The long awaited Shark Cage Diving decision was released by the NZ Supreme Court last week. This was great news for Bluff and it’s shark cage divers Shark Experience Ltd as they are back in business when the Great Whites arrive in December as part of their annual migration.SC-86-2018-Shark-Experience-v-Pauamac5-and-others
The court clarified the meaning of “hunt or kill” to include any actual kill, intentional hunt or disturbance which may cause significant harm. The offence is “strict liability”, so is unlawful even if there was no intent to “hunt or kill” wildlife.
Shark Cage Diving is conducted in accordance with a code of practice approved by DoC and it’s shark expert Clinton Duffy, in accordance with best international practice to avoid harm to sharks.
Is poisoning kea and other wildlife an offence under the Wildlife Act?
The shark case has drawn attention to other activities which may harm or kill wildlife, including aerial poisoning operations. Research shows a high rate of bykill of wildlife such as kea from aerial 1080 operations and the poisoning of kiwi, kakariki, morepork, weka, Kaka, tuatara and an array of other species
The recent “blue cockroach” photo highlights the risk of secondary kill from thse poisons. In this case four tuatara were killed after they ate and were poisoned by cochroaches which had eaten brodifacoum rat bait.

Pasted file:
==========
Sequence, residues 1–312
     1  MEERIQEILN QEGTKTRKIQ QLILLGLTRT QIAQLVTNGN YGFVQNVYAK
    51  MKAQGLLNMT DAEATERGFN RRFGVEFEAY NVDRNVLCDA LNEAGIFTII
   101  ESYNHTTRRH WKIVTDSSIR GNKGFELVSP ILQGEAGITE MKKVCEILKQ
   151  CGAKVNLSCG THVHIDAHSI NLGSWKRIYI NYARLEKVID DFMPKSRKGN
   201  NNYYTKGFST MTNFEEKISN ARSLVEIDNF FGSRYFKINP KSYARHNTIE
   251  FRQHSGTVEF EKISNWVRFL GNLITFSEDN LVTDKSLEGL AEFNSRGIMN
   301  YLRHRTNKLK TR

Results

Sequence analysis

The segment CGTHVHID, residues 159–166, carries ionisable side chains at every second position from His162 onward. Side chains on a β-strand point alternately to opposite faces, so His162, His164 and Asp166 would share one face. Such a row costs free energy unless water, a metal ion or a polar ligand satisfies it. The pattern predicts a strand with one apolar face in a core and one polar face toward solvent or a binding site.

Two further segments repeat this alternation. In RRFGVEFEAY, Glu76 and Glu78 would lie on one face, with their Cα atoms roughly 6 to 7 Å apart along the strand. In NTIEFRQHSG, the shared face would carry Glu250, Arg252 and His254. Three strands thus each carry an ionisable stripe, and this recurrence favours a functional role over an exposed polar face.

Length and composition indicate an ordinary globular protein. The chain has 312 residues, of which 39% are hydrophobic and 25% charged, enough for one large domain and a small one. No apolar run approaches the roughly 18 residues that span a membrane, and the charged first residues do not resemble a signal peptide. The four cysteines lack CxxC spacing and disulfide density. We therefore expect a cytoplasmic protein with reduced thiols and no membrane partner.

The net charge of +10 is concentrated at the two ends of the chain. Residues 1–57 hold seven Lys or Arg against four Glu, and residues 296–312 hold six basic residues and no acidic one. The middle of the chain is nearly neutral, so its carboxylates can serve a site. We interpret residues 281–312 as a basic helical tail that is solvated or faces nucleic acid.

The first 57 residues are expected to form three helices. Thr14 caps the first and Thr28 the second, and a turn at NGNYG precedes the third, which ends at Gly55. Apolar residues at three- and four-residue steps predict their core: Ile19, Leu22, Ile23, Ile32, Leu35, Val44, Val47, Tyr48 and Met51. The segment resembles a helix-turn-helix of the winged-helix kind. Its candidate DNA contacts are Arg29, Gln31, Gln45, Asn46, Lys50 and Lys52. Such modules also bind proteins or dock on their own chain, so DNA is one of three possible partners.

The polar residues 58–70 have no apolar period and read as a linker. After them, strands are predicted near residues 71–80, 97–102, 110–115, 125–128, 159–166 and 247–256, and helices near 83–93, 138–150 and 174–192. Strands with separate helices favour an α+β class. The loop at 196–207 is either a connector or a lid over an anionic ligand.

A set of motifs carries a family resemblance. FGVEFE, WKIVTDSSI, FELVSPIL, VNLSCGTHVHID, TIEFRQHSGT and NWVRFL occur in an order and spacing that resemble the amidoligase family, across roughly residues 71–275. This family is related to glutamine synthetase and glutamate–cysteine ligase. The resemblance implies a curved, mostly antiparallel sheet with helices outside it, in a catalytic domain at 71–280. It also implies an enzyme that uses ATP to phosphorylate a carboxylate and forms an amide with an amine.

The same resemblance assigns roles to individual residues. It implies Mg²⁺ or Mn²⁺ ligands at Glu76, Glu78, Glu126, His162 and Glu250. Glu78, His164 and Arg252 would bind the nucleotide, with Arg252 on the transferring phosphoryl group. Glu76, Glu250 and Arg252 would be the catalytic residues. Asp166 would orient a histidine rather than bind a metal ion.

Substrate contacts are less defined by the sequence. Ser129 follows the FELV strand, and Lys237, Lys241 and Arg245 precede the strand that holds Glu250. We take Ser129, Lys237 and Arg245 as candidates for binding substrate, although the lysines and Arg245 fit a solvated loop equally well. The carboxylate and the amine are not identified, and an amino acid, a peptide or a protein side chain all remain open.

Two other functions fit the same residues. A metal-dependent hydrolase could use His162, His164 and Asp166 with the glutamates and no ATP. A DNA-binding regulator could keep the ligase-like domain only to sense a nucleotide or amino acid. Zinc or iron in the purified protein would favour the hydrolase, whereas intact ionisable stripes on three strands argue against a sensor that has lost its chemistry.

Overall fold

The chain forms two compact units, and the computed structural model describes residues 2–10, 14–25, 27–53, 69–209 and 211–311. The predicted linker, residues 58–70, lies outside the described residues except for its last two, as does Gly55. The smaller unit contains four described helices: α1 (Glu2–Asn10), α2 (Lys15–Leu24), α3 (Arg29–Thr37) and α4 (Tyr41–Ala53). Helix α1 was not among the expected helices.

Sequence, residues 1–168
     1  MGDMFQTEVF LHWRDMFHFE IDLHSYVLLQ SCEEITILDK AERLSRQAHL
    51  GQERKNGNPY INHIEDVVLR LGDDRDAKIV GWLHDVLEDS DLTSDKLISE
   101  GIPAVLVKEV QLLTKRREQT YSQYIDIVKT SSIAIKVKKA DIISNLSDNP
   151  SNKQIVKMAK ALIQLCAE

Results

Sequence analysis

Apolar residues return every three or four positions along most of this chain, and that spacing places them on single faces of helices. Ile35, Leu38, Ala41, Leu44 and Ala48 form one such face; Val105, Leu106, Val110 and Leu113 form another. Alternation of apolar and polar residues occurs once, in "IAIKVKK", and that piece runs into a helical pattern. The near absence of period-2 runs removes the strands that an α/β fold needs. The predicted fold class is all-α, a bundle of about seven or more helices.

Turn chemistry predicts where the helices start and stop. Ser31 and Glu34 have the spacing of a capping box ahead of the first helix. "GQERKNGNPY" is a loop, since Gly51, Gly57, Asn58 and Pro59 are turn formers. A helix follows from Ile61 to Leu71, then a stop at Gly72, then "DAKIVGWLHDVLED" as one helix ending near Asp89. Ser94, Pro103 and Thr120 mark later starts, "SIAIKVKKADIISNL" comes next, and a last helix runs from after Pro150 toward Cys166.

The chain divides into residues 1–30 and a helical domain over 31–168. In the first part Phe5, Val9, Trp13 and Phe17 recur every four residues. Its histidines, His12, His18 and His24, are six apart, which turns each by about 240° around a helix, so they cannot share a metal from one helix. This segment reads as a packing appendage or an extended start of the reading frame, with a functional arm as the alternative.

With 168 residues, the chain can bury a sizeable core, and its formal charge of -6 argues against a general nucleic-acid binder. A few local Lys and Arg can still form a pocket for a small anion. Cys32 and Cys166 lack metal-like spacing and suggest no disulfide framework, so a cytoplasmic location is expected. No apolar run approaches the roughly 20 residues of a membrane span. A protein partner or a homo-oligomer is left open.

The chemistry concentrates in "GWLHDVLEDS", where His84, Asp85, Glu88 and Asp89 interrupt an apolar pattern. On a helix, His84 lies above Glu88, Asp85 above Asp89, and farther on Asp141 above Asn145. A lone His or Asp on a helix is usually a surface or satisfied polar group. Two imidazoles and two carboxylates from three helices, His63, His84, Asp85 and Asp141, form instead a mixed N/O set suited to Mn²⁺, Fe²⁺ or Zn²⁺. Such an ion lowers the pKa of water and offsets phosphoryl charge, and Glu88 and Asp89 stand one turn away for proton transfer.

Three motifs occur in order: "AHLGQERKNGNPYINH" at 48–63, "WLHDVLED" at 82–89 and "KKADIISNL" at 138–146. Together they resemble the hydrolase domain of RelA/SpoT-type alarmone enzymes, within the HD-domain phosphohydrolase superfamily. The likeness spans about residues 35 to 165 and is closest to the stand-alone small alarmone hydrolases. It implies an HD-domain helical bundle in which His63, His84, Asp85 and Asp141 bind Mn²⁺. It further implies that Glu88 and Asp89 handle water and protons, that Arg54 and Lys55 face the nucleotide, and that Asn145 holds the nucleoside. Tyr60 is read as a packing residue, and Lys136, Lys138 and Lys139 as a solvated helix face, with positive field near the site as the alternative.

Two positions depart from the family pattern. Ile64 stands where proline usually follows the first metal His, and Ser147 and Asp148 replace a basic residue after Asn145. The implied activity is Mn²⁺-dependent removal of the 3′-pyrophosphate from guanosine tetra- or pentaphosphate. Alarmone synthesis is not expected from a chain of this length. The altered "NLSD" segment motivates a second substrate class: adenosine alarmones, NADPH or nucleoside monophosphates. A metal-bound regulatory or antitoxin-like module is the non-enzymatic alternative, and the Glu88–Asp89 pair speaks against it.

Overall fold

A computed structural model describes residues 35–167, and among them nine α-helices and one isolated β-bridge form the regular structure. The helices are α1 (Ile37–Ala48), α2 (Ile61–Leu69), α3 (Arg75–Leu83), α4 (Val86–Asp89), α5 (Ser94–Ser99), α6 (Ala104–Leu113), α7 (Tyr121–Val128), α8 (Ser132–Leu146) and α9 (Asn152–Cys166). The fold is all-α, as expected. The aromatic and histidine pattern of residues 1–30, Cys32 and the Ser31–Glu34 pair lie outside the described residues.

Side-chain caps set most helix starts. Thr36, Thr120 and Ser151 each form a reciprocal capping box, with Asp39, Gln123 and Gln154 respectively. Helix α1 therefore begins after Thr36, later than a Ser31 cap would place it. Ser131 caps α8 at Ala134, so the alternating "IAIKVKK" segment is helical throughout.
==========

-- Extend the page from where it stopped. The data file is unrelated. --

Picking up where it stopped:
These tuatara were poisoned at Nelson’s Natureland zoo. https://www.stuff.co.nz/environment/113989565/picture-of-poisoned-blue-cockroach-watershed-moment-in-tuatara-deaths
This was at much the same time as Naturaland’s sponsor, the Nelson City Council, was funding the highly controversial aerial poisoning of the Brook Sanctuary with the same brodifacoum poison, ironically so it would be “safe” to release tuatara there.
It is well established by published research that 1080 poison and brodifacoum kill and sub-lethally poison an array of wildlife. Both cause cruel and prolonged deaths. Brodifacoum is banned in many countries overseas because it is bio-accumulative and builds up in the foodchain over many years. The sale of wild prok from the Marlbough Sounds is banned due to its contamination with rat bait making it unsafe to eat.
1080 is banned in many countries due to its risk for use in chemical warfare (for example if a terrorist put it in a public water supply), its extreme toxicity and the absence of any antidote. DoC frequently claims that 1080 is “biodegradable”, however its rate of breakdown and breakdown products depend on temperature, the microbes present and other environmental factors. 1080 may be converted during respiration to fluoro-citrate which is extremely toxic, damages muscle, sperm and mitochondria and can cross the blood brain barrier as a neurotoxin. The carbon-fluoride bond in the 1080 molecule is very robust, and 1080 may eventually break down to methyl fluoride (Freon) a greenhouse gas. The fluoride ion is toxic and neurotoxic in many forms.